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Rising Number of WA Drivers Found with THC in Their Systems

Updated on: 11/19/2019

high driver

THC is the active ingredient in marijuana and is responsible for the “high” that recreational users enjoy. A recently released study from the Washington State Traffic Safety Commission has found a massive increase in the number of drivers testing positive for THC in their systems, with a spike of 44% in the last five years. 

High drivers are a risk on the road

Researchers at the Washington State Toxicology Lab tested almost two thousand blood samples of drivers involved in car accidents; some were still alive, but others had died from their injuries. 59.8% were found to have marijuana, alcohol or other drugs in their systems at the time of the crash. Researchers found that in most cases, impaired drivers had mixed multiple intoxicants, further dulling their reaction time behind the wheel. Only eight percent of the drivers tested had consumed only marijuana, but many had mixed the drug with alcohol or other mind-altering substances.

While marijuana is now legal to sell and possess in Washington State, with some restrictions under state law, it’s still illegal to get behind the wheel while high. It’s also an extremely bad idea: researchers found that THC-positive drivers were more likely to be involved in crashes in the daytime hours and more likely to cause crashes by drifting out of their lanes and overcorrecting. Drivers who mixed pot and alcohol were more likely to drive without a license, speed and drive without a seatbelt.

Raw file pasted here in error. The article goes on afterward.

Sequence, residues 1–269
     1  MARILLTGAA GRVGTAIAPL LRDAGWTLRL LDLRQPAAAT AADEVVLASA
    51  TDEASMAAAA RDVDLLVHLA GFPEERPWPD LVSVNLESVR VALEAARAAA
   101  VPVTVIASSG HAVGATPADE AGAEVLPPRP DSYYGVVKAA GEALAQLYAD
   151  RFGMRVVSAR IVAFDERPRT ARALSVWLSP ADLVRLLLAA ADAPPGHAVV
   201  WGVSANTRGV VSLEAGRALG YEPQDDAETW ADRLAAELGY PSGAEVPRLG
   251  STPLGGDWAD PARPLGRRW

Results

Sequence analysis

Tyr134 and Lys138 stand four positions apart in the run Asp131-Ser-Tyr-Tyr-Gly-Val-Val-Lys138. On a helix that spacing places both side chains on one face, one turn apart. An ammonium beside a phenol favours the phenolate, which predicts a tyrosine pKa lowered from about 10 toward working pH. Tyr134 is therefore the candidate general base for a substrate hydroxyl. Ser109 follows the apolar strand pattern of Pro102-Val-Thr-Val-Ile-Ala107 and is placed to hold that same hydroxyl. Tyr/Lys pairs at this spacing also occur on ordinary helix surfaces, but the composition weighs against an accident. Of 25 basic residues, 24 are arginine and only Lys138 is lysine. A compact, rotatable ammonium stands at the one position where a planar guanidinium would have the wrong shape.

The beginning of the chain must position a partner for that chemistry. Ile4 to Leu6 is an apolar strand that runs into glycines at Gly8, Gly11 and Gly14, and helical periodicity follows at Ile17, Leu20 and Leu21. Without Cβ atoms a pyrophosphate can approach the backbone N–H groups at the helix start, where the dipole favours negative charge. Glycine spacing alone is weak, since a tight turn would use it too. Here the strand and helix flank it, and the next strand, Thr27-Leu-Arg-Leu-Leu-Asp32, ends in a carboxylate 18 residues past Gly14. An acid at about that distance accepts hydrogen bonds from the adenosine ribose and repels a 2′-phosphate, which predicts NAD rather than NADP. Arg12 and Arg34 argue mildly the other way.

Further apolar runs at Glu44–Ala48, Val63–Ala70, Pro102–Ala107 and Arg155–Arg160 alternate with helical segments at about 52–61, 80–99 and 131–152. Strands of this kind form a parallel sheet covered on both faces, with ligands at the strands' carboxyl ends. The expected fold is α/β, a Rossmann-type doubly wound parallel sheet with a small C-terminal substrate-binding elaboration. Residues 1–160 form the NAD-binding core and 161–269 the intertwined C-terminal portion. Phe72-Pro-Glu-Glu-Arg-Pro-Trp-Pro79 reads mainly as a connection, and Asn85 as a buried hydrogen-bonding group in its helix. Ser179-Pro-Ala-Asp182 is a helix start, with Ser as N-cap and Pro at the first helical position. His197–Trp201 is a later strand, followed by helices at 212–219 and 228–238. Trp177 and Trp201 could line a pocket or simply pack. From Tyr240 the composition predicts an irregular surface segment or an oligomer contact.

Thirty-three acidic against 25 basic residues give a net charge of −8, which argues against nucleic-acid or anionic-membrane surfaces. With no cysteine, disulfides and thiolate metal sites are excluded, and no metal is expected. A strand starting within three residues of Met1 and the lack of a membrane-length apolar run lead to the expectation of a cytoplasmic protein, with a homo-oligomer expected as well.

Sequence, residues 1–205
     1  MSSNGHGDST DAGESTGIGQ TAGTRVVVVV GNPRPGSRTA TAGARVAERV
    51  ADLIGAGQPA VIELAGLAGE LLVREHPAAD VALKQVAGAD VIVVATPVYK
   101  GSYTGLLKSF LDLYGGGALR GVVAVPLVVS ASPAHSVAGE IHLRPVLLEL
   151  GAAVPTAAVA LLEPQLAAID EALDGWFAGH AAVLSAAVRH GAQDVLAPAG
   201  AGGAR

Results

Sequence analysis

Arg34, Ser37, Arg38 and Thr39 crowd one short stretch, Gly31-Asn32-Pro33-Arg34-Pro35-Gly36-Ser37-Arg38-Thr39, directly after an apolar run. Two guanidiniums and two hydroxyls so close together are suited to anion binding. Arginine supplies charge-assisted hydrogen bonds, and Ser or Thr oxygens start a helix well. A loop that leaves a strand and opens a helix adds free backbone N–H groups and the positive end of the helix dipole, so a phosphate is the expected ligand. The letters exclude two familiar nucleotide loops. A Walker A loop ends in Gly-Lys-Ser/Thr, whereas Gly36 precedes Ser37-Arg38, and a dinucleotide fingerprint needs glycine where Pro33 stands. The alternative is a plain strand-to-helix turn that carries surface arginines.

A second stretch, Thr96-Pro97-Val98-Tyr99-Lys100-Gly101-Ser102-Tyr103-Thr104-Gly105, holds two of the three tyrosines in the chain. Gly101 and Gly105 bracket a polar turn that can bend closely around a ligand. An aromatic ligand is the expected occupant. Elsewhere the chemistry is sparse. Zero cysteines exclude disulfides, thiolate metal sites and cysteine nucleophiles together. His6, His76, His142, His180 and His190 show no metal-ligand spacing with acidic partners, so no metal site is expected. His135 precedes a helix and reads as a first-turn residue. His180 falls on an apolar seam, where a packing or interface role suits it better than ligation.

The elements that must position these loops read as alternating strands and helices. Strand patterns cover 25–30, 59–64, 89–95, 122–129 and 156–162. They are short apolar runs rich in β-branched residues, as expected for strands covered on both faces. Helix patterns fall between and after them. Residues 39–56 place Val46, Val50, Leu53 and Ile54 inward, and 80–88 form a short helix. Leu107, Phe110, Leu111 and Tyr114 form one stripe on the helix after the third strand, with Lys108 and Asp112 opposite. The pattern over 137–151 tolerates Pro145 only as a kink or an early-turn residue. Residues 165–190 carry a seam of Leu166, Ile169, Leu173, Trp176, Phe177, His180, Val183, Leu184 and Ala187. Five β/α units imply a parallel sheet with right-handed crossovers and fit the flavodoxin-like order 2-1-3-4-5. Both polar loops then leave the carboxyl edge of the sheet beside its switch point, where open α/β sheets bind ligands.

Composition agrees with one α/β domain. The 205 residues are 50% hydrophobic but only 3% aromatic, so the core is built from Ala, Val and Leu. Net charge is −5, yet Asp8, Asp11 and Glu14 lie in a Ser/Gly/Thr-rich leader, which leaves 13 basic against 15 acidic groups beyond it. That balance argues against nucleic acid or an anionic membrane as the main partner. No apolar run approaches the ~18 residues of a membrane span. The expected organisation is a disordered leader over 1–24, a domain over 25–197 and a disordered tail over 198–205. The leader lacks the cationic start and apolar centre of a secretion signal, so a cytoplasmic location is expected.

This legal drug is still illegal behind the wheel

Just because a drug is legal to buy and consume doesn’t mean it’s safe in all circumstances. Alcohol, some prescription medications, marijuana and even over-the-counter medications that cause dizziness or drowsiness are all unsafe to consume before operating a motor vehicle. Drugged driving is illegal under Washington State law, and drivers who are found to be at fault for a crash while under the influence may face criminal as well as civil penalties.

While the police will go after drivers who were criminally negligent, they are not in charge of recovering monetary damages for victims who need to pay for hospital bills, time off work, car repairs and other expenses caused by a drugged driver. If you or someone you love has been hurt in a crash caused by a drugged driver, it may be time to speak with a personal injury attorney

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